We successfully demonstrate an approach based on linker fragmentation to create defects and tune the pore volumes and surface areas of two metal-organic frameworks, NU-125 and HKUST-1, both of which feature copper paddlewheel nodes. Depending on the linker fragment composition, the defect can be either a vacant site or a functional group that the original linker does not have. In the first case, we show that both surface area and pore volume increase, while in the second case they decrease. The effect of defects on the high-pressure gas uptake is also studied over a large temperature and pressure range for different gases. We found that despite an increase in pore volume and surface area in structures with vacant sites, the absolute adsorption for methane decreases for HKUST-1 and slightly increases for NU-125. However, the working capacity (deliverable amount between 65 and 5 bar) in both cases remains similar to parent frameworks due to lower uptakes at low pressures. In the case of NU-125, the effect of defects became more pronounced at lower temperatures, reflecting the greater surface areas and pore volumes of the altered forms.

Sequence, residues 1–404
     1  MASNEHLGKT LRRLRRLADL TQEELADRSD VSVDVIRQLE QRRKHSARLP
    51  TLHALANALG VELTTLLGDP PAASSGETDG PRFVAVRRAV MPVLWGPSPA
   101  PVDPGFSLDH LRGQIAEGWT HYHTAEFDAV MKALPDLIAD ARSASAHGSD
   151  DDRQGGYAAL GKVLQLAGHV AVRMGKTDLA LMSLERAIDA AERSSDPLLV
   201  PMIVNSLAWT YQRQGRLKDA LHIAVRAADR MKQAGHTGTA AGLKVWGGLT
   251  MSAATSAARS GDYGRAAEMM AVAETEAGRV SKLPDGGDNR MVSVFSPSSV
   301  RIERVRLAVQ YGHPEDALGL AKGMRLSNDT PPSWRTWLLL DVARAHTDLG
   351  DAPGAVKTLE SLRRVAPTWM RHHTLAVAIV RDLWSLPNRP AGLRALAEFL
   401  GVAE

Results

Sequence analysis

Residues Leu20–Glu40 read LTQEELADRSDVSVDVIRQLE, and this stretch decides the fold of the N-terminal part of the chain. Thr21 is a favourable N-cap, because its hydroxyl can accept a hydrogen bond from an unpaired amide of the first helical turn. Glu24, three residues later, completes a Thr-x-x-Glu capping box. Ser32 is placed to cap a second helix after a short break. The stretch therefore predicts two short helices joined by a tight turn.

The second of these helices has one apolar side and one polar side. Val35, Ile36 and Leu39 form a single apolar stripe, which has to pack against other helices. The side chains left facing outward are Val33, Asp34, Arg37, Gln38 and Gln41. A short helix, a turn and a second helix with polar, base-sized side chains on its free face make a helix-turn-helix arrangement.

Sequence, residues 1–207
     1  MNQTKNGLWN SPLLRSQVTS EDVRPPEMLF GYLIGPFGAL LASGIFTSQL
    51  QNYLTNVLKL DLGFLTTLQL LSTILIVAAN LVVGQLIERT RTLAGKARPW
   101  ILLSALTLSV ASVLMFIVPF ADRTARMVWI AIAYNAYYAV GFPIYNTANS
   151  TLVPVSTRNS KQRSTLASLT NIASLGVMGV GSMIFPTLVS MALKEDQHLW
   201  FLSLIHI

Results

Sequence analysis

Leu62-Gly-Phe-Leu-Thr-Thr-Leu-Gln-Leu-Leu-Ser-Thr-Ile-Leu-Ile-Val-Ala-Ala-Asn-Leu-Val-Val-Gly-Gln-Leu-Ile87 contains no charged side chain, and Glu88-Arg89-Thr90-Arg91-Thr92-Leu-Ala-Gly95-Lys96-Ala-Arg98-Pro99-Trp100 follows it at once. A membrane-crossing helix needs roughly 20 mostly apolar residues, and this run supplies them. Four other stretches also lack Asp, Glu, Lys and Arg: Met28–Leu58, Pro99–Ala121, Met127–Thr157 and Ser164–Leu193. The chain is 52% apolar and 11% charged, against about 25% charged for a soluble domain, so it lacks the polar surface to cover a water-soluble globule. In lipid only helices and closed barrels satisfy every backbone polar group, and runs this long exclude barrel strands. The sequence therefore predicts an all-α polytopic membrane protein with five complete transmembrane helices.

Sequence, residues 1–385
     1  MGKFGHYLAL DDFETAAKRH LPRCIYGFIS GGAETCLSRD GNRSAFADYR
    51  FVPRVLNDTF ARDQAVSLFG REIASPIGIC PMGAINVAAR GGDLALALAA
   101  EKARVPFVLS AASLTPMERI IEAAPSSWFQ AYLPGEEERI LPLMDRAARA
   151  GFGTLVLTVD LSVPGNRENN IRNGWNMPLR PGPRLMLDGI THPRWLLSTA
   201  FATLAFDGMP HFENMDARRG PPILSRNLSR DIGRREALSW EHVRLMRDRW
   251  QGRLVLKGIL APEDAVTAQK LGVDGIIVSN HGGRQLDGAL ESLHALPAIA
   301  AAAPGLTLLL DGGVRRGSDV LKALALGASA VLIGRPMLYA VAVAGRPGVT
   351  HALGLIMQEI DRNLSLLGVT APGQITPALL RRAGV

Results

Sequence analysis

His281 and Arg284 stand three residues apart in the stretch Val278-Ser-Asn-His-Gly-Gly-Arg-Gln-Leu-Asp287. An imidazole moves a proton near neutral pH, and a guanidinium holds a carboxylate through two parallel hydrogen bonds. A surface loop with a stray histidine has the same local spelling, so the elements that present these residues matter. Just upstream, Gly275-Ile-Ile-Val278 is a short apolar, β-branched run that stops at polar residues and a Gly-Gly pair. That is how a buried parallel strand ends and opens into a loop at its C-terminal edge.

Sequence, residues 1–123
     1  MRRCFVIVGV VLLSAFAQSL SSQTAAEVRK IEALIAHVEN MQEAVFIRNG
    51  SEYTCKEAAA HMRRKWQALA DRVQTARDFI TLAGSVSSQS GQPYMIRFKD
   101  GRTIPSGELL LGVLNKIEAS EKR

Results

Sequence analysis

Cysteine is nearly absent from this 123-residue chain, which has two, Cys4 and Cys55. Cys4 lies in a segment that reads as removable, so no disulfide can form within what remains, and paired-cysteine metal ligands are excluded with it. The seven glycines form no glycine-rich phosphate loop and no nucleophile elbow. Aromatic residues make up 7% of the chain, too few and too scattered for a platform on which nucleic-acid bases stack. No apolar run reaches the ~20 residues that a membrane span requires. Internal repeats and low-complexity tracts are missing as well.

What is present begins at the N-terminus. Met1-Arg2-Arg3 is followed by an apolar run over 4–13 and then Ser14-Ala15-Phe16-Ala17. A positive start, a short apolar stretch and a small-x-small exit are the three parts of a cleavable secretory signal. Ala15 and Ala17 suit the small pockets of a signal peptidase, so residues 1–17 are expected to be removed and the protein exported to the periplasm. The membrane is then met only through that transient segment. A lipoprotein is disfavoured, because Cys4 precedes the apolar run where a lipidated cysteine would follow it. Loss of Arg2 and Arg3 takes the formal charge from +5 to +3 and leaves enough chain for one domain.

ASJC Scopus subject areas
- Physical and Theoretical Chemistry
- Inorganic Chemistry